‘Los desaparecidos’

Published: November 2, 2012


How fares democracy in the fair state of Pakistan? Well, looking around, one is constrained to say that it is not exactly blooming, flourishing or even highly evident. The façade is there, flimsy and shallow. It is a proclaimed democracy, generally considered to be a cover-up, accepted by the country’s benefactors as it is in their own interests to do so.

But then, rather than lament as did Madame Roland in 18th century France about the crimes committed in the name of liberty, we may ask ‘O democracy! O democracy! What crimes are committed in your name?”

Well, as far as the vaunted land of the pure is concerned, the list is fairly weighty — always remembering that it is not alone. In today’s world, some amidst the community of established democracies are guilty of crimes against democracy. That laws exist on this country’s statute books that are an affront to democracy — which denotes tolerance, non-discrimination and a host of other desirable attributes — is well known; those which promote violence, sectarian and gender-based, being at the forefront.

One highly undemocratic practice, which arises sporadically, is the case of the missing persons — the ‘disappeared’ of Pakistan. This is nothing new. It first arose in the Supreme Court in 2006, after enforced disappearances had multiplied in the wake of 9/11. A mother and wife, unrelated, joined forces and filed a petition in the Court against the ‘disappearances’ of their son and husband, and other missing relatives and friends. (Whether the son was recovered is not known but the husband remains missing.) A list of 41 persons was submitted. That year, the Human Rights Commission of Pakistan reported that a total of 242 persons were on their list of the ‘disappeared’ — probably highly understated.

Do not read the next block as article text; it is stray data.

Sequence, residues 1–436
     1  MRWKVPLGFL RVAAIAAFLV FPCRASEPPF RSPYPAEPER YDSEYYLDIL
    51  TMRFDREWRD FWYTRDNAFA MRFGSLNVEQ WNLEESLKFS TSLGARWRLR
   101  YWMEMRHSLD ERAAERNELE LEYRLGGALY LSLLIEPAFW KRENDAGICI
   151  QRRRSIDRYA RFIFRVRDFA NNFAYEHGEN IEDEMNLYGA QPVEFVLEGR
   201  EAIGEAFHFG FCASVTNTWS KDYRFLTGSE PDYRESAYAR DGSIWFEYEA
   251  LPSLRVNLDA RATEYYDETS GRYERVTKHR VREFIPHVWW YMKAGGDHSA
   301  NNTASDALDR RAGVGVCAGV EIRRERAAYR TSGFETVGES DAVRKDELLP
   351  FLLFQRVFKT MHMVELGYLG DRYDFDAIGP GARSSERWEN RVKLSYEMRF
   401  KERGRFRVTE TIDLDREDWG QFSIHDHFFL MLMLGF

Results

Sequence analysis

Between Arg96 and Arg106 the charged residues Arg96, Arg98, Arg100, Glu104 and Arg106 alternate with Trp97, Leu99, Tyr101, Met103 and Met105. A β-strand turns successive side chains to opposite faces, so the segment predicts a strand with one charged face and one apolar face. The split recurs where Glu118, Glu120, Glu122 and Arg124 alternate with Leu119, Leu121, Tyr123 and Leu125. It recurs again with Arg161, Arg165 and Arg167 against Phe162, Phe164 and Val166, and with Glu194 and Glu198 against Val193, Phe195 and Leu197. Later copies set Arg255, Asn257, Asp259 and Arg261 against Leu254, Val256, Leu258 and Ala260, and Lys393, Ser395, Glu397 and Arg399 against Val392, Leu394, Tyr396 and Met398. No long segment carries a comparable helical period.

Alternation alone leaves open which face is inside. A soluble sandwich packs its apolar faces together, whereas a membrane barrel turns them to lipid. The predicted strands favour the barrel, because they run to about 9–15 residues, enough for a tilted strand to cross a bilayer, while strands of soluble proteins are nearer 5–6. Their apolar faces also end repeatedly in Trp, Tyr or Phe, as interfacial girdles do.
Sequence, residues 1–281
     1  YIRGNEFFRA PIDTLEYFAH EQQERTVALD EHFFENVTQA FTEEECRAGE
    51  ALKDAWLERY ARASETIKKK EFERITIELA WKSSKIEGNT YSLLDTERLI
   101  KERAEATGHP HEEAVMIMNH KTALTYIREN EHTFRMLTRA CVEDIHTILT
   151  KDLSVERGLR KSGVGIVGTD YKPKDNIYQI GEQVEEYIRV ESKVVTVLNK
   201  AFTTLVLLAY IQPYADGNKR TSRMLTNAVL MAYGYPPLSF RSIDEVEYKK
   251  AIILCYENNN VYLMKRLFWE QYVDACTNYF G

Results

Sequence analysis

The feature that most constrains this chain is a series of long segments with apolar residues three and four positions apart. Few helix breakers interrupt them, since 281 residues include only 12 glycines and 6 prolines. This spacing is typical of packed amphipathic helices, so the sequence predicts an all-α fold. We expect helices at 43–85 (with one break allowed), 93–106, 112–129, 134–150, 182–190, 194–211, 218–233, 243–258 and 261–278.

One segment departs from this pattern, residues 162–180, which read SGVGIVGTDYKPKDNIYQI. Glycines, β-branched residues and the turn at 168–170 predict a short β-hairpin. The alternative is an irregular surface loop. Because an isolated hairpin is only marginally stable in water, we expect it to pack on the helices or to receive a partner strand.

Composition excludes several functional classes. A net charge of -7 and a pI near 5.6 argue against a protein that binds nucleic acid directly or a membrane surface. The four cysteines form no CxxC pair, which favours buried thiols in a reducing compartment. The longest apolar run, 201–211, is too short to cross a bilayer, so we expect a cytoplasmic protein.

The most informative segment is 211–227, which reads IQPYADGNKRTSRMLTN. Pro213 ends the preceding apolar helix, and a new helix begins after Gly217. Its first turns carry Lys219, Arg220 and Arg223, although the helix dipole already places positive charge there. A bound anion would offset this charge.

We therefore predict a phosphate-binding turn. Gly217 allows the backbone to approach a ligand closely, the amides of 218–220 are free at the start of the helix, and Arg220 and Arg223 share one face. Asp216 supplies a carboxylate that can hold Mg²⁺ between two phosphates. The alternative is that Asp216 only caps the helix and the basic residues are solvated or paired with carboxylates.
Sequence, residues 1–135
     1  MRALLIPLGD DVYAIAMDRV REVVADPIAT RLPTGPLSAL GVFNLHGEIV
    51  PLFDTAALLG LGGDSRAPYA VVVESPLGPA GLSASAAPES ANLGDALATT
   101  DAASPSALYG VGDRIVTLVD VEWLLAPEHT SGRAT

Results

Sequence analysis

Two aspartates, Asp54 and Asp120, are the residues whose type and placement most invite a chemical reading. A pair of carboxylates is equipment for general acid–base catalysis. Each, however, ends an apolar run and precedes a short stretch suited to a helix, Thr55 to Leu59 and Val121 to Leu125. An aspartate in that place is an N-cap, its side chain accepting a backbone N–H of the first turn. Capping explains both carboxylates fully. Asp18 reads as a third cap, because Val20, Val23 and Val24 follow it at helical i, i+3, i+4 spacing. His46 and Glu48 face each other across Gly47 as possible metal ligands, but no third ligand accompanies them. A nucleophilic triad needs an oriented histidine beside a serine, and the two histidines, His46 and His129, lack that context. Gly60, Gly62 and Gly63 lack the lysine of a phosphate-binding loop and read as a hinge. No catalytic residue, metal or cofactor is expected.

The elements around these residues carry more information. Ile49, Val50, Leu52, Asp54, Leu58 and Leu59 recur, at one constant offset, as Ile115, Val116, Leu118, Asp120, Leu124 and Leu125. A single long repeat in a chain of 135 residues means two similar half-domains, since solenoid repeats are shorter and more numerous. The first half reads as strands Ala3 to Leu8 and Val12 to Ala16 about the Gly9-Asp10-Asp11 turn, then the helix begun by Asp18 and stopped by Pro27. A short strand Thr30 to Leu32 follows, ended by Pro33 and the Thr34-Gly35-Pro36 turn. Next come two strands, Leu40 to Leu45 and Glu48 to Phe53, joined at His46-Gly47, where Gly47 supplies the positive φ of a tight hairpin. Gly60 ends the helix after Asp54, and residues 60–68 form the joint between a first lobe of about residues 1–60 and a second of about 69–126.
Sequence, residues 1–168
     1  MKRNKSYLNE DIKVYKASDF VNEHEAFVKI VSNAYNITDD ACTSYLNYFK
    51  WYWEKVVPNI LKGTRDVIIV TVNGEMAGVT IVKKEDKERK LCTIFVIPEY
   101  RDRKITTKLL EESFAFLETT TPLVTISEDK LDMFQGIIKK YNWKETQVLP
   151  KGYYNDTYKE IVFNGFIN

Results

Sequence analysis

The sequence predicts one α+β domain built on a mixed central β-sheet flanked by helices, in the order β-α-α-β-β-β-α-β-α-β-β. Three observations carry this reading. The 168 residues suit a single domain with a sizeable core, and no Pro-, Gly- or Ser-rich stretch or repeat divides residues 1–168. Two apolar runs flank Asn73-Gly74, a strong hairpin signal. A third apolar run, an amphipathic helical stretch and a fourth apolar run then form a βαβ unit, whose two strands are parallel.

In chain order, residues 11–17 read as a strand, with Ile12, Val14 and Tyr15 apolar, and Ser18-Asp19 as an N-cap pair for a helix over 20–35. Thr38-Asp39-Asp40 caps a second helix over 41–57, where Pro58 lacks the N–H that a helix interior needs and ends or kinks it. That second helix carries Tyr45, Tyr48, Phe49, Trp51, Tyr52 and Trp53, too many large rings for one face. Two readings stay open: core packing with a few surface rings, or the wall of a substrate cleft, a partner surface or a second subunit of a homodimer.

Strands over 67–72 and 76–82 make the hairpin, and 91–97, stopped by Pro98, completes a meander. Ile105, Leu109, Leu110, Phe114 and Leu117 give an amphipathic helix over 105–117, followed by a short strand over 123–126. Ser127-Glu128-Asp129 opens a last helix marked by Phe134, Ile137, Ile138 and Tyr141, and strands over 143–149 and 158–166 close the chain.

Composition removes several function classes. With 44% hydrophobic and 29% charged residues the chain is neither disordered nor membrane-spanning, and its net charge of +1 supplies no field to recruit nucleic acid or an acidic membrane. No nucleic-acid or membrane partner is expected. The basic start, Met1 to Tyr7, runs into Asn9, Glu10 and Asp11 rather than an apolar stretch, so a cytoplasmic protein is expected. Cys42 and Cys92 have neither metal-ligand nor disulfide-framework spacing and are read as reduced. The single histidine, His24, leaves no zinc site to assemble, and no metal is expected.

Since then, the Supreme Court under Chief Justice Iftikhar Muhammad Chaudhry has taken up and put down cases related to enforced disappearances, which under the façade of a democratic government, continues to rise. In 2010, the government was ordered to form a commission to look into the cases of enforced disappearances, which by that time had reportedly risen to 1,600, most picked up by those shadowy bodies known as the ‘agencies’ and the majority in the unfortunate, unhappy province of Balochistan.

But it is difficult to figure out exactly what is what, as figures released by the various commissions and authorities tend to confuse. Last month, again reportedly, the government-formed commission came up with a figure of 80 disappearances brought to their notice during the past three months, bringing the total number then before it to 852. What has happened to the remainder of the 1,600 since 2010 is not clear. However, a total of 80 over a three-month period is certainly a healthy tally. The ‘agencies’ are obviously hard at it, and as with all matters involving the military — the ‘real’ power in the land — there seems to be little that either Court or government can do about it other than grin and bear it.

Then, of course, there is the matter of will — can’t help helplessness. When the UN Working Group on Enforced or Involuntary Disappearances visited Pakistan in September, Chief Justice Chaudhry declined to meet its members. The government ‘acknowledged’ the fact that instances of enforced disappearances have happened frequently and continue to happen, but, as stated by the Working Group after their rather unfruitful visit, “there are controversies both on the figures and on the nature of the practice of enforced disappearances.”